Alternative airline fuels considered
Some of the world's biggest aviation companies are turning to alternative fuels — made from sources as diverse as hydrogen cells or...
BERLIN — Some of the world's biggest aviation companies are turning to alternative fuels — made from sources as diverse as hydrogen cells or algae — as soaring oil prices drive the search to build and fly more fuel-efficient planes.
Boeing and its European rival Airbus showed off their latest alternative-fuel projects Tuesday at the Berlin Air Show, held against the backdrop of oil prices that hit $135 a barrel last week.
Boeing displayed a one-seater demonstration airplane that can fly on batteries and hydrogen fuel cells. While the plane is still in the early stages, the company said that test flights have shown "a manned airplane can maintain a straight-level flight with fuel cells as the only power source."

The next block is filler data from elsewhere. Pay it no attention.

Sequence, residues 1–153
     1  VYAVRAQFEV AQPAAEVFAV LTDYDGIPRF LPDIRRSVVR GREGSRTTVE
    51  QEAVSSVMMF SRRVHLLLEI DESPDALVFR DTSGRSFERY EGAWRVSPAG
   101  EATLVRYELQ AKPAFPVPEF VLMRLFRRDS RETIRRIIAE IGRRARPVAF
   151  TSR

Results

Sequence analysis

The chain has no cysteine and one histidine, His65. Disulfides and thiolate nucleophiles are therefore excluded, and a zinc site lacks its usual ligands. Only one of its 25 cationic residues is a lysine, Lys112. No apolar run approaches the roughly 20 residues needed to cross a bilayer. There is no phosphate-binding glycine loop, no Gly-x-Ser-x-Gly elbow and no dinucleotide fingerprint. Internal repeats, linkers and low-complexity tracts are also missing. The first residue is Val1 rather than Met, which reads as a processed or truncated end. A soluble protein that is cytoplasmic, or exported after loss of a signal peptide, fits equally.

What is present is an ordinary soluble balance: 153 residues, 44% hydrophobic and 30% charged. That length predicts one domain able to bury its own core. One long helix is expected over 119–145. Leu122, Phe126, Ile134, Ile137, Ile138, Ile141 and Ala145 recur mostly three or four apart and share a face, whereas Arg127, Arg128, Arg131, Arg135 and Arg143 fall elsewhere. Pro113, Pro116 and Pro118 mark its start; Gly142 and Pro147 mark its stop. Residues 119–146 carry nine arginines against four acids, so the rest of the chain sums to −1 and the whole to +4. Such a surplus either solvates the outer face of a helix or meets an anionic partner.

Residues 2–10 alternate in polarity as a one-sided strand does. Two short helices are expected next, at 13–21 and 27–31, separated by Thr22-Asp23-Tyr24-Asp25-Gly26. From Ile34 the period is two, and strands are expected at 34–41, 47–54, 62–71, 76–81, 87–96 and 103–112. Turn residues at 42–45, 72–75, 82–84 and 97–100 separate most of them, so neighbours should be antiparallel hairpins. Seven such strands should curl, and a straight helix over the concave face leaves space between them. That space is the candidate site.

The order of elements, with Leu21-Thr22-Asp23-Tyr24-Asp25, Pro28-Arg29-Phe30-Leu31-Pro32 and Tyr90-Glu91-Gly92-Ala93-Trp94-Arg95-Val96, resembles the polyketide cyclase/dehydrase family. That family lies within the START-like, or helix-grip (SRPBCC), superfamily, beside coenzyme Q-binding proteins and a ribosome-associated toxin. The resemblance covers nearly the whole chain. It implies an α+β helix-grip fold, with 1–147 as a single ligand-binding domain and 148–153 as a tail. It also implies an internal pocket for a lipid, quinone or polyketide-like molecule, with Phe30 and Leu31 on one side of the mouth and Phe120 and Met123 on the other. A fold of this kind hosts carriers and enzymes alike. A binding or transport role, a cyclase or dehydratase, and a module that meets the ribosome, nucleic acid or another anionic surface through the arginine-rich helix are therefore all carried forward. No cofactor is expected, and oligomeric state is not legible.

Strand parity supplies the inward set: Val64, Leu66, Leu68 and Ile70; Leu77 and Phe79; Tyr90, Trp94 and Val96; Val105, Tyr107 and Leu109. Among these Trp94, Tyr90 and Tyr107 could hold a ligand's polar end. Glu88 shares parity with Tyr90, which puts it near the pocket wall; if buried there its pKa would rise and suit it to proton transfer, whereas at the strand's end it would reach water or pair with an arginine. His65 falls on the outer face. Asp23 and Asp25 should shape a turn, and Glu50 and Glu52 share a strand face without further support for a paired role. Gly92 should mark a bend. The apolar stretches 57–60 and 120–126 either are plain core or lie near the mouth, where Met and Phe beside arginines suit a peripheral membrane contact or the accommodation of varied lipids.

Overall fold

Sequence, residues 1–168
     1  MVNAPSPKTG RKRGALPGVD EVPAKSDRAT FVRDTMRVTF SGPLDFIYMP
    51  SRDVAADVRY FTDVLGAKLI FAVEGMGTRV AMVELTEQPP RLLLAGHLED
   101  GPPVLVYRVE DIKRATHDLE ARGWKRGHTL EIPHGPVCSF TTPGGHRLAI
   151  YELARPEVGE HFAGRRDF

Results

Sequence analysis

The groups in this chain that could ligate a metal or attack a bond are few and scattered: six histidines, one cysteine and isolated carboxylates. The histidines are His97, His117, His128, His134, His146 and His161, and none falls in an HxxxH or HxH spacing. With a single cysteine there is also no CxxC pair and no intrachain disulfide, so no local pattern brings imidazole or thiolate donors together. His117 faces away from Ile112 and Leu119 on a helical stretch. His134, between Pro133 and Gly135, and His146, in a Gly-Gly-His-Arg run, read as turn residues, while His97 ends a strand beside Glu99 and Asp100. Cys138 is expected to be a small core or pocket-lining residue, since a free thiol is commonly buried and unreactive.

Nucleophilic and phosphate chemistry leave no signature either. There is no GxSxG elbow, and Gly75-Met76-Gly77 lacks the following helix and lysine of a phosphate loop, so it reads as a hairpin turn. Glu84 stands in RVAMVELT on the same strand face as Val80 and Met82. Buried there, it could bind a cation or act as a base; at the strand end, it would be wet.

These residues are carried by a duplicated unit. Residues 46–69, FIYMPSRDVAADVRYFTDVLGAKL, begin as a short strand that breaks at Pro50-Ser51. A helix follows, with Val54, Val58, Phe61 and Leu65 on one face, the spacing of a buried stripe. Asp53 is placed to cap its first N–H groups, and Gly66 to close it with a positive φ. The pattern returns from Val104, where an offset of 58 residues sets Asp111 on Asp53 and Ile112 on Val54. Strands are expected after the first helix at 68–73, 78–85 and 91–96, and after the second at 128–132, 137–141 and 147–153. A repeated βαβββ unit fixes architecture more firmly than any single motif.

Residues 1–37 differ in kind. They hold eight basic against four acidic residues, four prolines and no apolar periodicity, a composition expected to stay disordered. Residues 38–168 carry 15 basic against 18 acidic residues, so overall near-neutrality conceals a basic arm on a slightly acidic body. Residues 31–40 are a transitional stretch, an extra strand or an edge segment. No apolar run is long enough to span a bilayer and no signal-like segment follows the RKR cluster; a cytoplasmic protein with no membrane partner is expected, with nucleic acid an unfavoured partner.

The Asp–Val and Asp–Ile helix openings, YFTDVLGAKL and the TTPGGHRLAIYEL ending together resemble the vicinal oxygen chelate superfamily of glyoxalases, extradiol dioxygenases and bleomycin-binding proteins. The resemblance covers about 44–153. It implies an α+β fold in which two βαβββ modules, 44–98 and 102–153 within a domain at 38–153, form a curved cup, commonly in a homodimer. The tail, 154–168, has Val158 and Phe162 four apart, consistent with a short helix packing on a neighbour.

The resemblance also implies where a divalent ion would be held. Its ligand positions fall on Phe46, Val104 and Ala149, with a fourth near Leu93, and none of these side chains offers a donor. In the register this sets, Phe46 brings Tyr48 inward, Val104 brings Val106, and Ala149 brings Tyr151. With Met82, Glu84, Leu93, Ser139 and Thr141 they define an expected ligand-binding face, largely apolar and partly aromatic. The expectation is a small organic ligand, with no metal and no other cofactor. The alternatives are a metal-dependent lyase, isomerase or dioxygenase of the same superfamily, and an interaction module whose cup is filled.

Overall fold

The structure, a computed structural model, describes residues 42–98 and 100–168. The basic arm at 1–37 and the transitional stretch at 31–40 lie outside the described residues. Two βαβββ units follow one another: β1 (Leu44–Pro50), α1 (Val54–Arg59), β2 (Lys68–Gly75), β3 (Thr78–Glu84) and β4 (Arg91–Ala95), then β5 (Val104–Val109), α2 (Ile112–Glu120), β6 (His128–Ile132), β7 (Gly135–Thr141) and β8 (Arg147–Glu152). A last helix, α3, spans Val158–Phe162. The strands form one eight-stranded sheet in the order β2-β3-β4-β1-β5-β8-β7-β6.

Boeing said the technology could potentially power small manned and unmanned aircraft. But it said it "does not envision fuel cells will provide primary power for large passenger airplanes," although it will continue investigating their potential.
Airbus brought along a demonstrator version of its A320 passenger jet that uses fuel cells to power some of the aircraft's steering systems. The company said it sees great potential in fuel-cell applications.
Dutch airline KLM, meanwhile, said at the show that it had signed a contract with AlgaeLink for fuel made from algae for a pilot project whose first test flight is scheduled for this fall.
AlgaeLink plans to set up a pair of plants this year — in the Netherlands and Spain — and said its algae-based kerosene will be mixed with conventional fuel. But KLM's goal is to fuel its entire fleet with kerosene from algae and other plant-based oils.
Copyright © 2008 The Seattle Times Company
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